Looks like I just found out what killed disco – and no, it wasn’t the KISS song “I Was Made For Loving You,” despite the rock God’s momentary pit stop in funky town. Nope, writer/director Renaud Gauthier exacts sweet revenge on one of music’s most polarizing fads by turning high pitched voices and thumping bass lines into murderous tools of destruction – I give you Discopath. Yes, like the words “Psychopath” and “Disco” mashed together, because we all knew heavy metal wasn’t Satan’s soundtrack, but instead the musical stylings that drove people to wear roller skates and snort cocaine more violently than Rob Ford during a visit to Colombia. At what point does the Bee Gee’s song “Stayin’ Alive” become a warning instead of dance anthem?
Duane Lewis (Jeremie Earp) becomes our jiving star, a skittish man with a tortured past. Bumbling through simple jobs, Duane’s social life mirrors the same failed fates as he avoids disco clubs and large gatherings. Why, might you ask? Because disco killed his father, and the infectious sounds currently sweeping the nation transform Duane into a serial killing maniac – something typically frowned upon in public spaces. Unable to contain his dementia any longer, Duane flees New York City for colder Canadian weather, but when tragedy strikes again, he loses himself in a violent, groovy haze. Can this disco inferno be extinguished before too many bodies hit the floor?
Discopath is a gory, low-budget B-Movie shimmering with glitter and smelling of sweaty, intoxicated dancers. Gauthier transports us back to a funkadelic period where four-wheeled roller skates were a necessary means of transportation, discotecas were about as common as Starbucks coffee shops, and fashion statements were blinding blurs of color and sparkles – only enhanced by old-school camerawork.
Ignoring high-definition cameras and modern technology, cinematographer John Londono captures grimy 80s filmmaking loaded with practical effects, opting for mood-setting graininess for an inherently grindhouse vibe. Downgraded technicalities may sound off-putting, but when you’re capturing murders in disco-ball-lit nightclubs, the nostalgic feel heightens elements which would have only faltered through the crispest of lenses. If you’re making a movie about the 70s, why not pretend you filmed it in the 70s as well?
Let’s not sugar coat anything though – Discopath doesn’t skate into the sunset based on stylistic choices alone. Expressing the atmosphere of an 80s porno at times – to the point where I was actually waiting for a fit Ron Jeremy to walk on-screen – atrociously nasally Brooklyn accents pollute every NYC based scene, tipping the scale on some horrid acting. True snobs won’t make it more than five minutes into Gauthier’s film, as Duane’s incapable grill-working introduction evokes memories of Tommy Wiseau’s infamous flower buying scene in The Room – you know, “Hi, doggy!” Oh yea, we’re treated to some prime horror schlock thanks to wooden police chiefs, naughty nuns, and generic co-eds, as even our killer struggles to be genuinely menacing at times. You’re not crazy because you’re naked – you actually have to appear crazy to the core.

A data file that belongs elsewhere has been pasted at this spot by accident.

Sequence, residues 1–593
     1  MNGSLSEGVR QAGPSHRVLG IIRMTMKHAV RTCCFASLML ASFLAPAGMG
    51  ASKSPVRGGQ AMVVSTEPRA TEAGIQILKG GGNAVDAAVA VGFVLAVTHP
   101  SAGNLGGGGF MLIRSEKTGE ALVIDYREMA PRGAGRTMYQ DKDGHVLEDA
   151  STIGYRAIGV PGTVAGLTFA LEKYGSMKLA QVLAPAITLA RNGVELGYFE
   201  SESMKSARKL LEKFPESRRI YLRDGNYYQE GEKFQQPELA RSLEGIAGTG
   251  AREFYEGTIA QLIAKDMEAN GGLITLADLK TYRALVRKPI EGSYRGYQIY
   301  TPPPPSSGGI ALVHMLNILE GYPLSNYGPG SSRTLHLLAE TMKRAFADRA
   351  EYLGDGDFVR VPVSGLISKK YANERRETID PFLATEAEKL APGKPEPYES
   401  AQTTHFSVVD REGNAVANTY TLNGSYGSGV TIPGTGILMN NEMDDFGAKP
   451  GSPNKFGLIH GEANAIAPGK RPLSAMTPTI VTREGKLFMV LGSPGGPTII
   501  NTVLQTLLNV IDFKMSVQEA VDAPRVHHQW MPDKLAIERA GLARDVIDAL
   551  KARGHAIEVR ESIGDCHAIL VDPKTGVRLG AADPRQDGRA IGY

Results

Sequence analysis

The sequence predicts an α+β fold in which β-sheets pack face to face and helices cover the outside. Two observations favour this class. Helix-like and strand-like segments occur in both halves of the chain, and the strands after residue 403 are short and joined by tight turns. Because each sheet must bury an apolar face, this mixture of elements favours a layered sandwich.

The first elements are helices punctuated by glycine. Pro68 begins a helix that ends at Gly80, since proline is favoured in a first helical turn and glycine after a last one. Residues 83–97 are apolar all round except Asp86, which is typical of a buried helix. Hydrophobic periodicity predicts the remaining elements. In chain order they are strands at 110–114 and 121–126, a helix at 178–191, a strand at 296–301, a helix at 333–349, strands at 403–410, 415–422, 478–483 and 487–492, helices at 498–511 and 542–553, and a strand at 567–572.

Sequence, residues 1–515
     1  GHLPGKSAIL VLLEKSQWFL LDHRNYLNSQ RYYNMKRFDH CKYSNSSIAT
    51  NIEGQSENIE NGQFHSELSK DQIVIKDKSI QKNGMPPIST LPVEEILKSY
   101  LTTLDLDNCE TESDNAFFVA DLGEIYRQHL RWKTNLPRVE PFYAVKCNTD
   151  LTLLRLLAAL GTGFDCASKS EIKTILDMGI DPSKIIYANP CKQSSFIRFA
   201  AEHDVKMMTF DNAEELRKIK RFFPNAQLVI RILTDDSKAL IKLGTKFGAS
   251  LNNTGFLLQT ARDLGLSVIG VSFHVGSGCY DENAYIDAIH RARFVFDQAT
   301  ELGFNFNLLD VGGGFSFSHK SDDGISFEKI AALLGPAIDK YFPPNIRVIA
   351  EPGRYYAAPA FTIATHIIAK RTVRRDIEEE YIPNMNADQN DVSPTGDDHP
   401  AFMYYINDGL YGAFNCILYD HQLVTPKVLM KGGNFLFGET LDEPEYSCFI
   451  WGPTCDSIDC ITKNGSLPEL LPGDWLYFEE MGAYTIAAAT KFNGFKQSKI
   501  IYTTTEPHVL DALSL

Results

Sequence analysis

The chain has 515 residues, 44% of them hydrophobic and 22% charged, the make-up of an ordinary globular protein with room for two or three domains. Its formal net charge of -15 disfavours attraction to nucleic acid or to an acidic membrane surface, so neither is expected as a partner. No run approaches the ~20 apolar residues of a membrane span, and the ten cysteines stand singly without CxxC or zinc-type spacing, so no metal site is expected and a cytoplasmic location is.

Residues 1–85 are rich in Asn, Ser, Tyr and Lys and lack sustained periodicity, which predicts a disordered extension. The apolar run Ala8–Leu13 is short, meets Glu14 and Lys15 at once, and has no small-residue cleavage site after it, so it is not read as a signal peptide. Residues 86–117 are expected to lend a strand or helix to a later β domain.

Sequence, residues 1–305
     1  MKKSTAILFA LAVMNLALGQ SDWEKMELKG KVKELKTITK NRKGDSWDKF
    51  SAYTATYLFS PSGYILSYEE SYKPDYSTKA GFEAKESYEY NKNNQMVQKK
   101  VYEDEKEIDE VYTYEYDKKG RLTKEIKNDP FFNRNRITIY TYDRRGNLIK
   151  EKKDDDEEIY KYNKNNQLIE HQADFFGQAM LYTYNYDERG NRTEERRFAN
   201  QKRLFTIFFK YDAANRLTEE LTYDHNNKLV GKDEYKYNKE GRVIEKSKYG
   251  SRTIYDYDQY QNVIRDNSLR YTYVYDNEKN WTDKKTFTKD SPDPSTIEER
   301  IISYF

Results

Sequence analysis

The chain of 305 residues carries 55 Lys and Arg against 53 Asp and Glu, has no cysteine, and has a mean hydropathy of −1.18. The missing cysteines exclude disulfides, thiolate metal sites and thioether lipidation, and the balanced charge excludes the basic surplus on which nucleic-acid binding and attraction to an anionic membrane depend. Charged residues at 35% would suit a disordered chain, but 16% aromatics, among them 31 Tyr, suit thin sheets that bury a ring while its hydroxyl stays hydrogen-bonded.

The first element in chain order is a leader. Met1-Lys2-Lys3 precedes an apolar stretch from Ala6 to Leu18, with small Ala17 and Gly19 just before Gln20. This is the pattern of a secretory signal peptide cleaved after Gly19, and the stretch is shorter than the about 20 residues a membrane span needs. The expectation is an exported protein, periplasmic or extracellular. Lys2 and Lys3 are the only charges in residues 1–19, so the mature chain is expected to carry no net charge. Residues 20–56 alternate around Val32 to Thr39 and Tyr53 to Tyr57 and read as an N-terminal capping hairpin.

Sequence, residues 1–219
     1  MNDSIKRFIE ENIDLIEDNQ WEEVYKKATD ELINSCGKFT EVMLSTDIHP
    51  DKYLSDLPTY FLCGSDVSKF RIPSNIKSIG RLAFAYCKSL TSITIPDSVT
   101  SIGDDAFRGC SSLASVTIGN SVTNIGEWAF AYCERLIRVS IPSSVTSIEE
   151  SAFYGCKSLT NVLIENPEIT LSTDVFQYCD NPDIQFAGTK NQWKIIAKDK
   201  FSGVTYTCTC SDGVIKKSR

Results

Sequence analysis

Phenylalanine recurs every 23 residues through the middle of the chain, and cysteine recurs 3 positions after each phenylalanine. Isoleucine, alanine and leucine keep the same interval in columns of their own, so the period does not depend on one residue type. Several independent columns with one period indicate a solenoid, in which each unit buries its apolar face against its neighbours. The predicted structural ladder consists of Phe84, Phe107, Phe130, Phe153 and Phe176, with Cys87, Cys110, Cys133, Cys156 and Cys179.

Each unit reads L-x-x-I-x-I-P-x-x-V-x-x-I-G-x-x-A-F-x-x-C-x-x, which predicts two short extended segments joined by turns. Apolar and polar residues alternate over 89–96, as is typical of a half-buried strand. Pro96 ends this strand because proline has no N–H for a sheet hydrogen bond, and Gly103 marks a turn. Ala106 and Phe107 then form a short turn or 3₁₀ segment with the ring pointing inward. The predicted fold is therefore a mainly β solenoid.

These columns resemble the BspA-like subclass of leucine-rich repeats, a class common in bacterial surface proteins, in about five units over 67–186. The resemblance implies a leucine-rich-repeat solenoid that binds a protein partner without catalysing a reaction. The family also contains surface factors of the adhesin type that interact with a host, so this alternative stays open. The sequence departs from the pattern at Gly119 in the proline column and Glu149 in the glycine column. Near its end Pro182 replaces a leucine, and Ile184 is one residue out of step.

Yet, for some strange reason, there’s a hypnotic quality to Discopath. Gauthier sports a love and appreciation of horror as Duane knocks off his victims, creating some righteous disco-inspired death sequences – my favorite being an artistically haunting shot showing a dead female underneath a glass dance floor – which keeps action fresh and fluid. Slasher elements overtake what little psychological drama could possibly be salvaged, and again we feel as if we’ve been transported back to early Friday The 13th movies – complete with rubber corpses tumbling around in painstaking hilarity. Then again, smashing up disco records and using them as death-dealing weapons might be buried amidst any disco hater’s darkest fantasies, and a gleefully entertaining carnage factor is present for more accepting gorehounds.
Gauthier won’t win over all horror audiences, as more pretentious tastes will scoff at the cheesy nature of Discopath – but those same deterrents will be considered a saving grace to others. I’ll admit to feeling strung along as Gauthier jumps between one foreigner’s stereotypical reincarnation of NYC and a subtitled Canadian city, but then Duane plops a decapitated head on a record player and starts to DJ – yes, this is where Discopath hits full stride. Again, you’re watching a film about a killer whose psychosis is triggered by disco music – BECAUSE IT KILLED HIS FATHER. Sit back, relax, and kick out the bloody jams – better suited with some alcohol and a few friends.
As the blood spills and disco blares, it's hard not to become hypnotized by this glittery, cheesy 70s slasher throwback - blemishes and all.